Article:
Author: Benjamin Hindson, Digital Economy Chief Commercial Officer, Aon
Battery safety in the micromobility sector has become increasingly high profile with recent media stories relating to house fires caused by malfunctioning lithium-ion batteries on e-bikes or e-scooters.
According to the London Fire Brigade, fires caused by lithium-ion batteries represent the “fastest growing fire risk in London” with the emergency services called out to 116 fires in London in 2022 – 87 for e-bikes and 29 for e-scooters.
Many might think this safety record reflects the teething problems from the development of new technology, but lithium-ion batteries have been around for decades.
Household items such as laptops, smartphones, and cordless vacuum cleaners have been operating with lithium-ion for some time without these high-profile incidents being seen in the micromobility sector. Lithium-ion technology is tried and tested, which points to possible issues relating to the manufacture of the batteries and how they are being used and managed.
For manufacturers of micromobility vehicles and the companies that operate micromobility schemes, better management and mitigation of the potential risks is critical if public confidence in the use of lithium-ion powered micromobility is to be maintained. Fortunately, there are steps that can be taken to make sure the overall risks are greatly reduced.
Thermal runaway threat
Lithium-ion batteries are vulnerable to a phenomenon known as ‘thermal runaway’ which refers to a chain reaction occurring within the battery, where damage or failure of a single cell can cause other cells around it to heat up.
The initial damage to a cell could have stemmed from thermal, mechanical or electrical abuse – the battery might have been physically punctured for example, or charged incorrectly. But as neighbouring cells also become damaged by the heat, a reaction takes place that can potentially cascade leading to an uncontrolled release of energy stored and resulting in a possible fire or explosion. Lithium-ion batteries used for e-scooters of e-bikes are of course more powerful than those used in laptops or other household devices, so any malfunction is likely to cause a much bigger problem.
Beyond the physical damage to property risk posed by a thermal runaway event, it is important to consider that there is also a potential liability risk given a fire or explosion could not only damage third party property or cause injury, but the chemistry involved can lead to the creation of toxic gases. Such gases have led to recommendations for thousands of residents to close all windows and stay at home when thermal runaway events have occurred – such as in 2017 at a lithium-ion battery energy storage site near Brussels.
Source high quality batteries
From a risk management perspective, heavy users of lithium-ion batteries need to be doing all they can to minimise these risks.
It’s important to emphasise that there is a difference between privately owned, poorly constructed lithium-ion battery products and ones that have been properly tested and risk managed by responsible micromobility operators who will be adhering to the necessary safety protocols. But if your organisation is sourcing and using lithium-ion batteries, it is vital that all equipment is selected from reputable manufacturers and is designed/tested to the applicable codes to minimise the exposure from defects that could trigger a catastrophic event.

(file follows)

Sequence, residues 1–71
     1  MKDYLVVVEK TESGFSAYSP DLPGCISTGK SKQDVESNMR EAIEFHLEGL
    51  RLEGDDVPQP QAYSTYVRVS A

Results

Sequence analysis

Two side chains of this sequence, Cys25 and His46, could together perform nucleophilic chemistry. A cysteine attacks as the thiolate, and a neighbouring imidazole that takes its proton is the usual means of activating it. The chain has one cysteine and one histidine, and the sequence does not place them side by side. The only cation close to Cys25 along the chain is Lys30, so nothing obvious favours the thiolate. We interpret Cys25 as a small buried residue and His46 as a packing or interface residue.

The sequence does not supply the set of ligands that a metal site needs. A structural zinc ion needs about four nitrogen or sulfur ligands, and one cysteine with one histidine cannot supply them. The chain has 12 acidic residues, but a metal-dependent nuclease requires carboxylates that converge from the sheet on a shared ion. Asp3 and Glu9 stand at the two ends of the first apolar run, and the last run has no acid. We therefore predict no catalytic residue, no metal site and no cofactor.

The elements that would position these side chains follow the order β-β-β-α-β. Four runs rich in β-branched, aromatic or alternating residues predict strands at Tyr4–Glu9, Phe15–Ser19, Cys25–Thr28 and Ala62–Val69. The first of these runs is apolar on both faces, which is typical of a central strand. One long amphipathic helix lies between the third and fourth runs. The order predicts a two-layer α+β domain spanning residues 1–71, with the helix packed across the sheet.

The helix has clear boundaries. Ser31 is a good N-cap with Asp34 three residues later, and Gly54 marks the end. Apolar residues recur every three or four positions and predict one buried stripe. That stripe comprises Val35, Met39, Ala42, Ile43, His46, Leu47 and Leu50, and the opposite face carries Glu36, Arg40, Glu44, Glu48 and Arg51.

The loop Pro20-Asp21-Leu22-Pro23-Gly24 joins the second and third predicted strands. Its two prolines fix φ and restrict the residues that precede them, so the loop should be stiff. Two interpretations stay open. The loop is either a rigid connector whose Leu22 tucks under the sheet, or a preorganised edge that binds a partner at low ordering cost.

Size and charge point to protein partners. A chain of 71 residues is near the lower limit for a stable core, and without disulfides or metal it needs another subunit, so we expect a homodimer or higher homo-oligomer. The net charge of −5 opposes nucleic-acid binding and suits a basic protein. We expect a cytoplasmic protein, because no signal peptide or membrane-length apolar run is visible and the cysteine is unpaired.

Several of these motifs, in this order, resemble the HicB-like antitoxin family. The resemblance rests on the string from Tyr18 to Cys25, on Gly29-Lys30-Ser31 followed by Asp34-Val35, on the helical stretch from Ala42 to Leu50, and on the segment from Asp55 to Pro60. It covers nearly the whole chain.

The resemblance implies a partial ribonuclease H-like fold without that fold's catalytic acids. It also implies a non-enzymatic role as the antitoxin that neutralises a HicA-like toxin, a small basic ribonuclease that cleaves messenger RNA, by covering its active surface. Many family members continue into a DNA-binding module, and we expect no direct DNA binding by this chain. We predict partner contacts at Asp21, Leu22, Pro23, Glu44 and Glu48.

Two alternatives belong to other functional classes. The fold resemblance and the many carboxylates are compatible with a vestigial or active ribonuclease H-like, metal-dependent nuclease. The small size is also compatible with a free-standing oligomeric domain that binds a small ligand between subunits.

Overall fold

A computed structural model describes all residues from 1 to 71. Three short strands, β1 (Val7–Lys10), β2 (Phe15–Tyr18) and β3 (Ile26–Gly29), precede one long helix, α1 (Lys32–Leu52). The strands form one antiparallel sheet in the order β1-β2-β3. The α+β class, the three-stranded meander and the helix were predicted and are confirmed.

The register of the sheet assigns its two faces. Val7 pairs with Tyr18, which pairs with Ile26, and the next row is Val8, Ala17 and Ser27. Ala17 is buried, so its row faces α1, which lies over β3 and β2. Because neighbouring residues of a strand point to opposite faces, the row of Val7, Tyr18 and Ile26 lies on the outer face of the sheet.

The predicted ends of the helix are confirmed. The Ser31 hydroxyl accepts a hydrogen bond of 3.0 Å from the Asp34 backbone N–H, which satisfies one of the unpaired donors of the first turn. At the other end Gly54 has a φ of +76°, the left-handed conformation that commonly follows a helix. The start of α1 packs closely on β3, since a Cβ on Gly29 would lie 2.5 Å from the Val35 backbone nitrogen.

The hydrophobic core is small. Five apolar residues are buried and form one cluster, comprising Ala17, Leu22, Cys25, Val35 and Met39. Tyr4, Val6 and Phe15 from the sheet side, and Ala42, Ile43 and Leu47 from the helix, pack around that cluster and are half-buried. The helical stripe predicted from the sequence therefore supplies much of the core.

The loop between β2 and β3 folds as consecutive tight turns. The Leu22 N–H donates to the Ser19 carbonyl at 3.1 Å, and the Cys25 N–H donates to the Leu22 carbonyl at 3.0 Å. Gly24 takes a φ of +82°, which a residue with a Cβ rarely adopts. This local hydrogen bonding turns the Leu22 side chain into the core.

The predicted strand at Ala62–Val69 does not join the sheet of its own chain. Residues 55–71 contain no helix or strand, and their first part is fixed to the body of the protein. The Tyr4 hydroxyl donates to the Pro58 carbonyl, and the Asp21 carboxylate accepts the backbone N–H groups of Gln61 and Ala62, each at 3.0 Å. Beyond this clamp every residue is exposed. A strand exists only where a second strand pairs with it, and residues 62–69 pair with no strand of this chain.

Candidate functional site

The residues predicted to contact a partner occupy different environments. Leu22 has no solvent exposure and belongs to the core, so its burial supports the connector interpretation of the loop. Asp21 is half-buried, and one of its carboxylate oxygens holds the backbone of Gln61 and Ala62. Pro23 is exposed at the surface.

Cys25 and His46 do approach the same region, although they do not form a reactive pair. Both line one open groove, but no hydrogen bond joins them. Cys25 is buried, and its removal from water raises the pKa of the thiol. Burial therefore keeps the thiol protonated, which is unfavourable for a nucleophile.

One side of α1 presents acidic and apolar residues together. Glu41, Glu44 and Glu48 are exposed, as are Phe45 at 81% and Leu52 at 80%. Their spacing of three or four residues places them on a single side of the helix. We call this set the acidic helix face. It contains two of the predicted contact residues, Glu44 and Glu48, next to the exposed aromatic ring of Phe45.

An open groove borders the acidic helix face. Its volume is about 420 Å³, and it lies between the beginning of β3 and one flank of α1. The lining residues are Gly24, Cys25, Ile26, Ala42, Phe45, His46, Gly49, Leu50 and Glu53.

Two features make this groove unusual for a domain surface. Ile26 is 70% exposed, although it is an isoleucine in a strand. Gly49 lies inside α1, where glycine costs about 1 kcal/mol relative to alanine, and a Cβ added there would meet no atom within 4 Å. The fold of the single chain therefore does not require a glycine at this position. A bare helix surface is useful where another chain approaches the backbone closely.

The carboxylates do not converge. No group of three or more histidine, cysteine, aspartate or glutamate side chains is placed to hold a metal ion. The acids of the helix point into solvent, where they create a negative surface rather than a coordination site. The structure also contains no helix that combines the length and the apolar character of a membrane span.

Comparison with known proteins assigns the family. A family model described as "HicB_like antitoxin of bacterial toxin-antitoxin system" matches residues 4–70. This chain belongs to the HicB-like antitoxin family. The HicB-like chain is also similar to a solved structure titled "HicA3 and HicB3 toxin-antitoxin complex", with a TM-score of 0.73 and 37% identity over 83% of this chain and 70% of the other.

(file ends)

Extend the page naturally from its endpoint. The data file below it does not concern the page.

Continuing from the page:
Ensure the storage is safe
As well as sourcing batteries, storage is just as important. Micromobility operators will be charging large numbers of lithium-ion batteries, so having the right storage set up is vital.
It’s known that in some metropolitan areas, battery storage and charging is taking place in higher risk areas – even in sites underneath railway tracks – which could create a much greater problem if there was a fire or explosion. Charging sites should also be designed in a way that physically separates the batteries so that any thermal runaway event is contained within one area, rather than spreading across a whole site.
Where sites have already been constructed, or there are limitations in space, there are solutions to effectively break up the density, such as physical barriers. For barriers to be effective, they need to be both fire and blast resistant, and fire rated for several hours. However, the insurance market still views a physical gap as a better form of containment than any form of barrier at this stage.
No room for complacency
Approximately two billion lithium-ion cells are made every year and the instances of them leading to a fire or incident is small in comparison to their overall use. But that should not lead to complacency for any users or manufacturers in the micromobility space. As seen, the reputational damage from failure can easily start to outweigh the reality, so keeping on top of the risk management of lithium-ion batteries should be an absolute priority.
We help micromobility businesses both in the prevention of incidents relating to lithium-ion batteries – such as providing advice on the storage of batteries, or help if a product has to be recalled – as well as offering insurance solutions should an incident lead to a fire or explosion.
Whilst care has been taken in the production of this article and the information contained within it has been obtained from sources that Aon UK Limited believes to be reliable, Aon UK Limited does not warrant, represent or guarantee the accuracy, adequacy, completeness or fitness for any purpose of the article or any part of it and can accept no liability for any loss incurred in any way whatsoever by any person who may rely on it. In any case any recipient shall be entirely responsible for the use to which it puts this article.
This article has been compiled using information available to us up to 05/06/23.
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